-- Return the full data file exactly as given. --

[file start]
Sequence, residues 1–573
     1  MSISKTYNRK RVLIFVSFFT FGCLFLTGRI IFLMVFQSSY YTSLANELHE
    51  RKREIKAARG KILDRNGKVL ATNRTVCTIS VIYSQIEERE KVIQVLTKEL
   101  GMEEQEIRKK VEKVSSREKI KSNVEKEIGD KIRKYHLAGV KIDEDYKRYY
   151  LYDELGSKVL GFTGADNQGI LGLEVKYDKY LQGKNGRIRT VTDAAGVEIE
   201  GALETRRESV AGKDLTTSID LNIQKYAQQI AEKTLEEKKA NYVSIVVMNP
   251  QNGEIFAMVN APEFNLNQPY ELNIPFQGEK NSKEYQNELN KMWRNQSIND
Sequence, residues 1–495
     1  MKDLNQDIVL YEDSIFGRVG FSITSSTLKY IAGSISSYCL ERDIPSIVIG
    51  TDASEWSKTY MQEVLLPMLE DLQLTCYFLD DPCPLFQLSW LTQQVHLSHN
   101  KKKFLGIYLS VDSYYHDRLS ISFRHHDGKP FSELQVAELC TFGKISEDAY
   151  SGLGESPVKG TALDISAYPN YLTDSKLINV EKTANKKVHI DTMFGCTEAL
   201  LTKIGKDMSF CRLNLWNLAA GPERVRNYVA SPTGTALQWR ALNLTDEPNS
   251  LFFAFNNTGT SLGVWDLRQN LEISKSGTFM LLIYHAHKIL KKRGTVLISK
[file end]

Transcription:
Sequence, residues 1–573
     1  MSISKTYNRK RVLIFVSFFT FGCLFLTGRI IFLMVFQSSY YTSLANELHE
    51  RKREIKAARG KILDRNGKVL ATNRTVCTIS VIYSQIEERE KVIQVLTKEL
   101  GMEEQEIRKK VEKVSSREKI KSNVEKEIGD KIRKYHLAGV KIDEDYKRYY
   151  LYDELGSKVL GFTGADNQGI LGLEVKYDKY LQGKNGRIRT VTDAAGVEIE
   201  GALETRRESV AGKDLTTSID LNIQKYAQQI AEKTLEEKKA NYVSIVVMNP
   251  QNGEIFAMVN APEFNLNQPY ELNIPFQGEK NSKEYQNELN KMWRNQSIND
Sequence, residues 1–495
     1  MKDLNQDIVL YEDSIFGRVG FSITSSTLKY IAGSISSYCL ERDIPSIVIG
    51  TDASEWSKTY MQEVLLPMLE DLQLTCYFLD DPCPLFQLSW LTQQVHLSHN
   101  KKKFLGIYLS VDSYYHDRLS ISFRHHDGKP FSELQVAELC TFGKISEDAY
   151  SGLGESPVKG TALDISAYPN YLTDSKLINV EKTANKKVHI DTMFGCTEAL
   201  LTKIGKDMSF CRLNLWNLAA GPERVRNYVA SPTGTALQWR ALNLTDEPNS
   251  LFFAFNNTGT SLGVWDLRQN LEISKSGTFM LLIYHAHKIL KKRGTVLISK